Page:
The only way out now is to blow it up or wait for it to collapse. Until then it will not serve the vast majority of us, if it was ever intended to. Just thinking about what would be needed to “blow it up” — to scrap the existing systems entirely and create fair, democratic and just ones from scratch, against the wishes of those who have deliberately broken them, makes my head hurt. But that’s what it’s going to take.

That was my second aha! Like the first, it was about listening, impersonally, and in a self-aware manner — but not in order to necessarily appreciate or agree with the arguments of people with whom I disagree, but rather to appreciate and understand why they believe, and act, as they do. Those reasons are usually emotional, not rational, and stem from fear (and its mask, anger), anxiety, shame and grief. We are all damaged by civilization culture, and are all healing, the best ways we can.


image above from Group Works
Thanks to Kavana Tree Bressen for talking this through with me.

Posted in How the World Really Works, Our Culture / Ourselves | 4 Comments

BC’s Mysterious CoVid-19 Deaths Underreporting

Cumulative CoVid-19 deaths for BC, three sources: BC CDC (blue), BC CoVid-19 Modelling Group (green), U of Washington IHME (grey)

Early in the pandemic, there was some statistical evidence that BC had been slow on the uptake in capturing and reporting CoVid-19 deaths in the province, and had missed 300-400 deaths in the first months of the pandemic. The health officers shrugged it off, and there is of course always some debate about whether the “cause” of a death was CoVid-19, just because the patient happened to have the disease when they died.

Since the provincial health officer, Dr Bonnie Henry, seemed to be providing candid and complete disclosures about the pandemic (she has won several awards, and commendations bordering on adulation from her peers and fans) I was inclined to give her the benefit of the doubt.

I was one of the earliest advocates of using “excess deaths” as a more reliable way of computing the pandemic’s true toll. It can be dicey of course: In the case of BC, the skyrocketing increase of deaths from toxic street drugs has outpaced the reported CoVid-19 death rate, and severely skewed the “excess deaths” number, as did the 2021 “heat dome” that took a minimum of 600 and perhaps double that number of lives, largely among the same demographic dying of CoVid-19.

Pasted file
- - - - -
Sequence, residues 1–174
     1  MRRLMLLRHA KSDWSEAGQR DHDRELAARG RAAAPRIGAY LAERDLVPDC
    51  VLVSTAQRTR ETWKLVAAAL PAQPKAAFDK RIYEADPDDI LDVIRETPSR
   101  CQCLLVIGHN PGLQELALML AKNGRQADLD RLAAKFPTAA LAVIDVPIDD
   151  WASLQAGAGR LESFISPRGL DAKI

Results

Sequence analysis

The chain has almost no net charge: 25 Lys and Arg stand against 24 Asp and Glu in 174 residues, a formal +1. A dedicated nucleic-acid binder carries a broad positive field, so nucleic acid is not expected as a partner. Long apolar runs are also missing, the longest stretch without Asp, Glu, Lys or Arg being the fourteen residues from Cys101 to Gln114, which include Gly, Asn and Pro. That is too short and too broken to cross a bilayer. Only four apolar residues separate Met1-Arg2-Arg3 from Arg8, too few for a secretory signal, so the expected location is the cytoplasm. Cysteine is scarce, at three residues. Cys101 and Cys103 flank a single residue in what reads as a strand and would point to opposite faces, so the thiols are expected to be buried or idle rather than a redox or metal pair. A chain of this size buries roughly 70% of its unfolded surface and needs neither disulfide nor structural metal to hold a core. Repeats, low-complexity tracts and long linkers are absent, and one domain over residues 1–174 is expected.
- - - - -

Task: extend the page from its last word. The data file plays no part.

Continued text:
And there are people who would have died if there’d been no pandemic (auto accident and industrial accident victims in 2020 and 2021 for example were down sharply). And there were people who died because they delayed surgery and other health interventions because they were afraid of getting the disease or because the hospitals were full.

There has been a fair bit of evidence that, on balance, the excess deaths number is probably a much better surrogate for actual CoVid-19 deaths than the reported deaths number, especially in jurisdictions with poor health reporting or which deliberately suppressed CoVid-19 numbers for political reasons. Over a large enough population, any significant deviation from past year’s average total death tolls almost certainly has a reason, and CoVid-19 is the obvious one.

Sure enough, when you look at global excess deaths data, the patterns and numbers, based on each country’s political, economic, and health care system, start to look not only consistent but predictable. These excess death numbers also align much better with seroprevalence and other data on the actual proportion of the country that’s been infected and inoculated.

It’s when you get down to the sub-national level that these data start to get a bit mind-boggling. In Canada, for instance, excess deaths in the three westernmost provinces have been on average twice the number of reported CoVid-19 deaths, while in Québec and some Atlantic provinces excess deaths have been less than reported CoVid-19 numbers. Québec has a very different reporting system, but the other provinces purport to follow consistent reporting standards.

So are the three westernmost provinces radically underreporting actual CoVid-19 deaths, or not, and if they are, how and why? Alberta has an extreme right-wing CoVid-19-denying and -minimizing government, while BC appeared to be letting Dr Henry lay it all out there and call the shots on what to mandate, at least in the early part of the pandemic. Yet the two provinces have very similar discrepancies between excess deaths (even adjusting for the toxic street drug epidemic and the ‘heat dome’) and reported CoVid-19 deaths. So what’s going on here?

Dr Henry continues to say that, while she doesn’t deny the Statistics Canada excess deaths data, she believes the reported numbers are quite accurate, and that there may be other, perfectly valid reasons for the discrepancy.

But a few months ago, BC changed both the frequency (to once a week, with a 10-day lag) and method of computing deaths, and pretty much stopped reporting case data entirely, using ‘surrogates’ in lieu of precise tabulations. They stressed that data before the change was not comparable to data after the changes, so they should not be combined. In other words, if you want to know how many people have actually died of CoVid-19 in BC, you’re pretty much out of luck.

Unless you use “excess deaths”, that is. At the same time the politicians have shrugged off the use of excess deaths as a most likely estimate of CoVid-19 deaths, and basically taken the podium away from health officers, they have failed to provide any useful data to use instead.